Not unnaturally Peters concerns raised several of my own and I spent some time talking to the various suppliers of such units. I was particularly concerned not to end up with something noisier than the original single phase Myford supplied motor.
 
A couple of years ago I had need to replace a one and a half HP French made single phase motor. The extortionate cost of rewiring this, as a direct replacement was not available, soon became apparent. After a Google search I settled on an Italian made motor from a company called Electric Motors 2 Go. This motor was inexpensive, a third of the cost of rewiring and has proved to be a very good alternative.
 
I decided in the end then to purchase, from this same company, not only a motor for the lathe, which it turns out, to be of Indian manufacture but another Italian one of different design for the Mill . A call to Newton Tesla confirmed that one inverter could be used for either mill or lathe and a suitable socket and separate plugs supplied.
 
I have just finished replacing the motors and wiring the NT controls and inverter all in. The wiring was very straightforward and the whole thing works perfectly. Just as Peter commented the lathe motor does have a very slight whine to it at the top of the range but overall it's a big improvement on what was there before. This is not to undermine anything that Peter has said, indeed we have been exchanging emails on the subject for some time and his experiences on the Indian made motors particularly has been very helpful and timely. It has to be said that the overall quality of the Indian motor in no way matches that of the Italian one. In fact the foot mount was loose because the screws were bottoming out in blind holes but it was short work to put that right. I'll let you know if they vibrate loose - yes they are fitted with stud lock!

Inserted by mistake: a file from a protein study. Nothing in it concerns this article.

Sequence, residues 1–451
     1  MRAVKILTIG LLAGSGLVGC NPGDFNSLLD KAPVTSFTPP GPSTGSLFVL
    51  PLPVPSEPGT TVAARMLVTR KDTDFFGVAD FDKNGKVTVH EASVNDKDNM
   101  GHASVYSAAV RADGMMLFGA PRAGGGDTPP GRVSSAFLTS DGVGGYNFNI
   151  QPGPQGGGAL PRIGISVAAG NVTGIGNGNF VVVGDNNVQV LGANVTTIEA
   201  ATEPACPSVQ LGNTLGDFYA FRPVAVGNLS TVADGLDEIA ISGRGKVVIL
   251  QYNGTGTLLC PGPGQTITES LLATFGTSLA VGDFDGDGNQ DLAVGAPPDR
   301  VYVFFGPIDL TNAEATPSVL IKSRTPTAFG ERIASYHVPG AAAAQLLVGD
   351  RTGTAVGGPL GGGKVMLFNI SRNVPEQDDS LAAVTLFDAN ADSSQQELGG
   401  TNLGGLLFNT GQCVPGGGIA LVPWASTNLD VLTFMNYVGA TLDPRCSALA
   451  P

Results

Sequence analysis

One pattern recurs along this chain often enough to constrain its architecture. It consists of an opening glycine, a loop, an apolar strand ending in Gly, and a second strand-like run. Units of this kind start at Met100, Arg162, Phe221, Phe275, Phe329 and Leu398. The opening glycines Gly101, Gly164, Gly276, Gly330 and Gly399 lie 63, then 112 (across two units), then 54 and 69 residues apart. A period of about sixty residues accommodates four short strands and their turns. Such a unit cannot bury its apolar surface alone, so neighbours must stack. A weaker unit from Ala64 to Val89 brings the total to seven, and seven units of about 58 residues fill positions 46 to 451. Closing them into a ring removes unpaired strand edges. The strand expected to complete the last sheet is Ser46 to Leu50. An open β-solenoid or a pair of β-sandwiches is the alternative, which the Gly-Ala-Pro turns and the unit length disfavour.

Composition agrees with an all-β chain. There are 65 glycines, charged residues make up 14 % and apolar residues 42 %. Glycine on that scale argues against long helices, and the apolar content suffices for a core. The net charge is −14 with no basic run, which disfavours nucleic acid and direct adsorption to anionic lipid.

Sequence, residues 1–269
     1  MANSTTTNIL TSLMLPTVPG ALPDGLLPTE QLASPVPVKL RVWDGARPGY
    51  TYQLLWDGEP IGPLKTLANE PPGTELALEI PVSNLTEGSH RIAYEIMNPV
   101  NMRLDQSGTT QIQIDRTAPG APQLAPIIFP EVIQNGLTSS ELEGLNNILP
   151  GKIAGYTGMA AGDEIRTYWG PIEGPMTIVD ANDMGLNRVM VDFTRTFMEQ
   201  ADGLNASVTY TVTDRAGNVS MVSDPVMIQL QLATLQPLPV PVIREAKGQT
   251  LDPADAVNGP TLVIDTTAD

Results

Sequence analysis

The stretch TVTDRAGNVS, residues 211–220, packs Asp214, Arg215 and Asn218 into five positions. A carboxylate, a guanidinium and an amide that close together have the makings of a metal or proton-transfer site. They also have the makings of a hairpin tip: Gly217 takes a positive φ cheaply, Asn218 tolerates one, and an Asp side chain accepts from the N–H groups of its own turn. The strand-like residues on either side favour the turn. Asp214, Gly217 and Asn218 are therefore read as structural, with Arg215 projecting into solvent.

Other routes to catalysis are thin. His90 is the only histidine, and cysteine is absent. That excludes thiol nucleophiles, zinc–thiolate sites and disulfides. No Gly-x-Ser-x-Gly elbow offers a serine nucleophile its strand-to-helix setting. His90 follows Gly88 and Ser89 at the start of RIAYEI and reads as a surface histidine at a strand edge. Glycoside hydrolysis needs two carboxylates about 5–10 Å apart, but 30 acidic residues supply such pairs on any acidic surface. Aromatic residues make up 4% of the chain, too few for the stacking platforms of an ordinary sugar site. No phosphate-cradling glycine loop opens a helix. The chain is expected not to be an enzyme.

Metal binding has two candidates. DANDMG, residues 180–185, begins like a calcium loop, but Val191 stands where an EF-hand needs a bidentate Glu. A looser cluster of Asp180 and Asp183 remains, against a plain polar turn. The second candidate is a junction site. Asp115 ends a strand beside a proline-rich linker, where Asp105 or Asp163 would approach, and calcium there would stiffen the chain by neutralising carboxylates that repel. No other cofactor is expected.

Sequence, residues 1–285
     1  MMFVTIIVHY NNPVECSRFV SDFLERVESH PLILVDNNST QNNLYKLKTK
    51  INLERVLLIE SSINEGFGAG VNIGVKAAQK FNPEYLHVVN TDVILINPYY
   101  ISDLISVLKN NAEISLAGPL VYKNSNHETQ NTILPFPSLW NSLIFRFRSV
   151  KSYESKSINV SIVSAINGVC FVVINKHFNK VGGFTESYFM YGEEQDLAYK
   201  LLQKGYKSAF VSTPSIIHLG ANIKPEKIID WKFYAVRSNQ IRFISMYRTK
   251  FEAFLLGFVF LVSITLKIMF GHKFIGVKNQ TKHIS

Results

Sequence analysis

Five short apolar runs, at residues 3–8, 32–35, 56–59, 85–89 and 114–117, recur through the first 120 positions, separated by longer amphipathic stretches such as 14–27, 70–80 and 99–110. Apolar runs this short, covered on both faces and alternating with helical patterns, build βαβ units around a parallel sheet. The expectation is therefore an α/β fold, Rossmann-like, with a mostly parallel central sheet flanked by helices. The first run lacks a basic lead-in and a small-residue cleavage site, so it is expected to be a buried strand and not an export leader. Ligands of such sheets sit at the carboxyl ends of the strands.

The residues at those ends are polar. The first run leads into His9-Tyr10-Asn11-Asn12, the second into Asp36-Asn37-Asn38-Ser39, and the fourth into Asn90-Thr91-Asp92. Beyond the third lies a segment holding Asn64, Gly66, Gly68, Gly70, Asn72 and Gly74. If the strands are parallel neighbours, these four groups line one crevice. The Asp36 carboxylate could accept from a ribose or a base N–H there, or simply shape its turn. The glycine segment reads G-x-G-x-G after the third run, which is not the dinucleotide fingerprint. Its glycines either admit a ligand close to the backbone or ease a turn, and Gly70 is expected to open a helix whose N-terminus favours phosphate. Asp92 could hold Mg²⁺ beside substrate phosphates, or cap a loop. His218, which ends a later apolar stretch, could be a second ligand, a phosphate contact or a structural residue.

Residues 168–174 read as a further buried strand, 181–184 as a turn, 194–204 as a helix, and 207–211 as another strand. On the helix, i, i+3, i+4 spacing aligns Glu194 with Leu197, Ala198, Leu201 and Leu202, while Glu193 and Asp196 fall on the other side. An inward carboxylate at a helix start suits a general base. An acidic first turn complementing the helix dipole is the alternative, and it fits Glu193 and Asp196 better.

The Italian motor on the mill is just superb. So quiet that the bearings in the ballrace on the intermediate pulley can be heard rolling. Perhaps a few words and pics of the mill is worth another thread as quite a bit of work has been done to it since first purchased to improve it
 
I have often looked at the various adverts for this modification to equipment and wondered if it was all a bit uneccessary but can already see this is one of those things that I "should have done it years ago".
 
All in all then a very worthwhile exercise.
 
Hope this is of interest to someone - more on the mill a bit later.
 
Regards - Ramon
 
 

Edited By Ramon Wilson on 20/02/2011 21:08:07